Launched in fall 2020, our LGBTQ+ Reading Group is for members of our campus community (faculty, staff, and students) to learn more about gender, sexuality, the LGBTQ+ community, and identity through engaging novels, educational volumes, memoirs, and more.
Marriage of a Thousand Lies by SJ Sindu
Our fall 2022 reading group pick is Marriage of a Thousand Lies by SJ Sindu. We have reached our free book registration, but you are still welcome to join us later this fall for a book discussion with your own copy! More information will be posted soon.
About the book: Lucky and her husband, Krishna, are gay. They present an illusion of marital bliss to their conservative Sri Lankan–American families, while each dates on the side. It’s not ideal, but for Lucky, it seems to be working. She goes out dancing, she drinks a bit, she makes ends meet by doing digital art on commission. But when Lucky’s grandmother has a nasty fall, Lucky returns to her childhood home and unexpectedly reconnects with her former best friend and first lover, Nisha, who is preparing for her own arranged wedding with a man she’s never met.
As the connection between the two women is rekindled, Lucky tries to save Nisha from entering a marriage based on a lie. But does Nisha really want to be saved? And after a decade’s worth of lying, can Lucky break free of her own circumstances and build a new life? Is she willing to walk away from all that she values about her parents and community to live in a new truth? As Lucky—an outsider no matter what choices she makes—is pushed to the breaking point, Marriage of a Thousand Lies offers a vivid exploration of a life lived at a complex intersection of race, sexuality, and nationality. The result is a profoundly American debut novel shot through with humor and loss, a story of love, family, and the truths that define us all.
Our summer 2022 pick wasthe poetry collection Year of the Unicorn Kidz by jason b. crawford, and we hosted jason for a reading and discussion on June 22, 2022.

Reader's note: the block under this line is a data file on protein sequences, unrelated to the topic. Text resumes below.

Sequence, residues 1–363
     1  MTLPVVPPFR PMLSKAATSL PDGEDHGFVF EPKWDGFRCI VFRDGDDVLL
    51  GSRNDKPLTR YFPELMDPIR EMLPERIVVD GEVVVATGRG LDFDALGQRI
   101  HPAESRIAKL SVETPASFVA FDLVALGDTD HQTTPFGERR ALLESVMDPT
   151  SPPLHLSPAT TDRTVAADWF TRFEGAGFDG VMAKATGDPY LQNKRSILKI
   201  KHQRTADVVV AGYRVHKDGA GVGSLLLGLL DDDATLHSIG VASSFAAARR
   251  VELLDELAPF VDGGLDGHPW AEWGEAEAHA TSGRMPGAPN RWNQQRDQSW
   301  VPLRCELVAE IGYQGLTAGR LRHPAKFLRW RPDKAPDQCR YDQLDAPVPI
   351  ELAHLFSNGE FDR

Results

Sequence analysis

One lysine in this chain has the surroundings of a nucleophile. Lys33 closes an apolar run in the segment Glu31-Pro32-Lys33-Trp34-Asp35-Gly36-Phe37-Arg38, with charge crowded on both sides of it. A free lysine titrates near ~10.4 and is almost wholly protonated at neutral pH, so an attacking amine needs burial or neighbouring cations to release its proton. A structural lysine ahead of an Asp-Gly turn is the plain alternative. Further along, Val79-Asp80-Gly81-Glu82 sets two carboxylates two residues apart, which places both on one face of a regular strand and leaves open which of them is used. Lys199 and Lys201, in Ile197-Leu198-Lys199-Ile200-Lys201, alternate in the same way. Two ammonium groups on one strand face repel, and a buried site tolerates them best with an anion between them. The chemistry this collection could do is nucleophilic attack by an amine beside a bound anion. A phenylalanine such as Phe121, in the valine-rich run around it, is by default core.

About the book: jason b. crawford’s Year of the Unicorn Kidz beautifully explores existence on the intersections of gender, race, and sexuality. Their profound navigation of identity, violence, and desire transcends boundaries and binaries. Vulnerability takes the centre stage as the speaker of these descriptive and passionate poems unburies old relationships and haunting memories. Year of the Unicorn Kidz reads like a coming-of-age story for marginalized youth in America, sketching the body in terms of disconnection, loss, and the explosive nature of desire. From burning rage to healing friendships to the thrill of forbidden encounters and the regrets that follow them, crawford revisits the reckless elements of youth that capture the inner and outer conflicts of self-discovery. They bring incredible depth to their poetry with urgent and vivid storytelling that delicately reveals the complexity of reality, while also leaving room for readers to reflect on their own.
If you are interested in purchasing your own copy, you can buy them directly from the publisher, Sundress Publications.
Our spring 2022 pick was Parable of the Sower by Octavia Butler.
About the book: When global climate change and economic crises lead to social chaos in the early 2020s, California becomes full of dangers, from pervasive water shortage to masses of vagabonds who will do anything to live to see another day. Fifteen-year-old Lauren Oya Olamina lives inside a gated community with her preacher father, family, and neighbors, sheltered from the surrounding anarchy. In a society where any vulnerability is a risk, she suffers from hyperempathy, a debilitating sensitivity to others’ emotions.